Long-term care -- and how to pay for it -- has been on the minds of the nation's elderly for most of the past decade. As life spans have increased and medical costs have climbed, the prospect of seeing the accumulated earnings of a lifetime drained away has become all too real for many people.

The insurance industry has been looking at the situation as well. Its early efforts to construct long-term-care policies were widely criticized as loophole-ridden and inadequate.

Today, despite the obvious need for such coverage and the finding by a recent study that more than 40 percent of Americans older than 65 could afford the coverage, only 4 percent have such policies today.

A variety of government programs have been proposed, but the costs -- $15 billion to $20 billion a year and up -- in the face of the current U.S. budget deficit make it unlikely any of them will be enacted soon.

So at the moment, the biggest payers of long-term-care costs are the elderly themselves and their families.

Insurers, aware that their early efforts did not serve themselves or their market very well, are trying again. Between 25 and 30 companies are entering the market each year, and a small but growing number of employers are signing up for group plans that their employees can buy into.

But a new study released by the Health Insurance Association of America (HIAA), a trade group here, suggests that the private market alone will never solve the problem, and unless some changes in policy are made, it will not even do as much as it could.

First, more than half the elderly cannot afford private insurance. Medicaid takes care of some, but because that is a program for the poor, only those who are poor or become so can use it. Second, tax laws, written before insurance of this sort existed, raise problems for both the insured and the insurer.

Third, unless confidence in the private market can be improved -- and then the market overseen to make sure that confidence is justified -- the policies will not sell.

"The long-term-care problem cannot be solved until the government takes a leadership role. ... Without that, we will never have a solution to this terrible social issue," said Stanley S. Wallack of LifePlans Inc., a long-term-care risk-management company that did the HIAA study.

Wallack noted that long-term care is a classic "insurable event," meaning that there is a relatively small risk that it will be needed, but if it does the costs are very high. About 10 percent to 12 percent of any age "cohort" spends 90 percent of the long-term-care dollars, he said.

So insurers would like to figure out a way to get the rest of the 40 percent who could afford it to buy coverage and would like the government to expand the scope of Medicaid to cover the remainder of the population.

Wallack estimated that such a program could be done at a cost to the government of around $3 billion to $4 billion a year.

Policies are already improving, he said, and as more people buy them and the risk is spread further, the coverage will become cheaper.

Whether or not these cost estimates are correct, some tax changes would make the policies more attractive.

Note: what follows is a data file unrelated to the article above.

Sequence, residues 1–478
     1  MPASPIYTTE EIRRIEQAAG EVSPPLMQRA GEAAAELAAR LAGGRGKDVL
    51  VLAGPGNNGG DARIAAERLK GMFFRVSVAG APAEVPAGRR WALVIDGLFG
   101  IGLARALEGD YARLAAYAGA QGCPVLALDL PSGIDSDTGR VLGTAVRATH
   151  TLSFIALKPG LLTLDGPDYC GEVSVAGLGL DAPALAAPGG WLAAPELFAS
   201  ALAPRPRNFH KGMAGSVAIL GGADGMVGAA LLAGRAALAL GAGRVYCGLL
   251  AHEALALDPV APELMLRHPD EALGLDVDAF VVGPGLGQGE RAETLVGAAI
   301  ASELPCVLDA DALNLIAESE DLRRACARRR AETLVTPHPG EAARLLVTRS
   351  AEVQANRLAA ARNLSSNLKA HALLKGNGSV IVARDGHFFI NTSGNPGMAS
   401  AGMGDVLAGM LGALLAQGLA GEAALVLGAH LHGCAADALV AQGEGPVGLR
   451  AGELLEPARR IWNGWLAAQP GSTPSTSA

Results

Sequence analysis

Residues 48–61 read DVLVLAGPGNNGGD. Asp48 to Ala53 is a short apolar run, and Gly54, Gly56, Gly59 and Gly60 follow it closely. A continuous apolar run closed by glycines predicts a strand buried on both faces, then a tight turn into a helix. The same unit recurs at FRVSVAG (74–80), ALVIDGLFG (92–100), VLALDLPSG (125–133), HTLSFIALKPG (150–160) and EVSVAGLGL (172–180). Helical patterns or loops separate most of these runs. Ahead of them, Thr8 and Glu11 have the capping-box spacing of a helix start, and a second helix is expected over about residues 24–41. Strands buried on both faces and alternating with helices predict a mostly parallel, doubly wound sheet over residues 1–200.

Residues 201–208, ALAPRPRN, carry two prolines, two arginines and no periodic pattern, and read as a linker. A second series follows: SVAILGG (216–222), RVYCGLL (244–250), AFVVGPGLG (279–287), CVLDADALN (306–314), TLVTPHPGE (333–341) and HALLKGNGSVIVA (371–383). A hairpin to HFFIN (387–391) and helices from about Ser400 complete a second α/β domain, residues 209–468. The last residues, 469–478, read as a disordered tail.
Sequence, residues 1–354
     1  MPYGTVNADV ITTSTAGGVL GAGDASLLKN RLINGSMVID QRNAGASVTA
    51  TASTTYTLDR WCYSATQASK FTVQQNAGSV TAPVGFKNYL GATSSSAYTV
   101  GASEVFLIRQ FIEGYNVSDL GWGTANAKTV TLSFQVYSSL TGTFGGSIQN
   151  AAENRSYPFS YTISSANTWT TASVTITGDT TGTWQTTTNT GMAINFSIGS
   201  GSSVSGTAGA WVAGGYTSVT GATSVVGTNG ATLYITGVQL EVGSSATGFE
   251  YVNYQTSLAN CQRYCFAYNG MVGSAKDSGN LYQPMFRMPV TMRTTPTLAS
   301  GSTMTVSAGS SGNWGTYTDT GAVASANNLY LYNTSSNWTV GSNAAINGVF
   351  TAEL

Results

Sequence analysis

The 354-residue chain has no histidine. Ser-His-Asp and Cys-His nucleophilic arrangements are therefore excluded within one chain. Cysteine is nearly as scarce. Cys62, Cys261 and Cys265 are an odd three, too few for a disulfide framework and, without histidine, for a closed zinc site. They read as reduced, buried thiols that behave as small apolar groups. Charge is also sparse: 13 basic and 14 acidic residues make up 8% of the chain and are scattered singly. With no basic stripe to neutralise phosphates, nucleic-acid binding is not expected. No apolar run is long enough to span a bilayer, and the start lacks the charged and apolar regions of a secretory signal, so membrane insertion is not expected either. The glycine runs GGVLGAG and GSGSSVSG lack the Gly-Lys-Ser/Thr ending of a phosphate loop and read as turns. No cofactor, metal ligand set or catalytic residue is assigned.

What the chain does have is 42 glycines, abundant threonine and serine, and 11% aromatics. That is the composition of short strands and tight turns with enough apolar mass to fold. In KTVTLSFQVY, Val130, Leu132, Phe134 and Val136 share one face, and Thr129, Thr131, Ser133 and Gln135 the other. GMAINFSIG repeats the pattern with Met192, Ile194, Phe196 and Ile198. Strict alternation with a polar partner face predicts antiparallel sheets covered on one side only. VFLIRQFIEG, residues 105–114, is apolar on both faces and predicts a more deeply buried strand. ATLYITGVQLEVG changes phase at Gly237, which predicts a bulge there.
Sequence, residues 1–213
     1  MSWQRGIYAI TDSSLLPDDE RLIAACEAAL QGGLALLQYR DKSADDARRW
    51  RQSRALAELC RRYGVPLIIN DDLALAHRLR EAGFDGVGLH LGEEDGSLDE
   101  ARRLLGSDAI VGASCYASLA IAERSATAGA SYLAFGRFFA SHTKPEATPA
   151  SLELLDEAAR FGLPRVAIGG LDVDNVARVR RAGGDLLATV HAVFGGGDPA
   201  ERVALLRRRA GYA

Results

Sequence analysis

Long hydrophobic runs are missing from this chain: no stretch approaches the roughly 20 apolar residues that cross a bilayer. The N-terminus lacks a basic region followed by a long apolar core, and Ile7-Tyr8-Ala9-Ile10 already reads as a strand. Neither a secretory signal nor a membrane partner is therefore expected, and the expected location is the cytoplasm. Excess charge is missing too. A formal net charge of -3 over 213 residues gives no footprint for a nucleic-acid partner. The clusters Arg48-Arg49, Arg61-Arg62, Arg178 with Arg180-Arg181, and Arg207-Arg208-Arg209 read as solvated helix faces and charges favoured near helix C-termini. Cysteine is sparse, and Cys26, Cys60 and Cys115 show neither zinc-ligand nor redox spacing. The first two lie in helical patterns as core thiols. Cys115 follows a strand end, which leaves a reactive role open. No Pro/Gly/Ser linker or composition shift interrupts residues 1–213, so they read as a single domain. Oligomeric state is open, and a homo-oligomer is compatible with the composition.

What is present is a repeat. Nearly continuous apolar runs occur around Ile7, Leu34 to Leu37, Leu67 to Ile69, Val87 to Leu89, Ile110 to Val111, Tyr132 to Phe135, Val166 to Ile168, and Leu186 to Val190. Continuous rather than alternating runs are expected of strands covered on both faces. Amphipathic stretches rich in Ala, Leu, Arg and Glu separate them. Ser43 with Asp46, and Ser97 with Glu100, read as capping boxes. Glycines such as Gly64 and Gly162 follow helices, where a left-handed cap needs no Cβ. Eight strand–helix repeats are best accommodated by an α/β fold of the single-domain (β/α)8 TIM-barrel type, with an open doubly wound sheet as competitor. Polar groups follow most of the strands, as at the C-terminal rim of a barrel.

For example, life insurers would like the law changed to make clear that "living benefit" payouts under life insurance policies would be treated like death benefits for tax purposes.

Normal death benefits are not subject to income tax and come under estate taxes under certain circumstances. If paid before death, however, it is possible that they could be treated as income. The Internal Revenue Service has not said how it views the issue.

Rep. Barbara B. Kennelly (D-Conn.) and others are pressing for the change.

One insurer, Connecticut Mutual Life Insurance Co. of Hartford, is set to add a "living benefits" rider to all its existing and new policies.

"The only issue is that distributions {of benefits before death} receive the same tax benefit to the customer as a death-benefit distribution," said Denis F. Mullane, company chairman. He added, "The reason is -- why would anyone want to discount the death benefit by 30 percent," which is the potential tax bite?

Insurers would also like payouts under long-term-care policies to be treated as medical insurance payments and not subject to income tax, and that premium contributions by employers in group plans be deductible.

They would also like the government to establish a definition of a "qualified plan" that would have to meet certain standards to obtain favorable tax treatment. This sort of "endorsement," they feel, would encourage people to buy in.

They also would like government help in educating consumers on the need for coverage.

Many critics of the U.S. health care system contend that the overhead and profit built into the private insurance system make it unnecessarily expensive and that a government-run program would be cheaper.

That may be true, but unless and until the government is willing to take on the cost of long-term care -- even if such a program would cost less overall than one with a strong private component -- private coverage is all most people can get, and the elderly and the "sandwich generation" caring for children and aging parents would welcome any kind of help.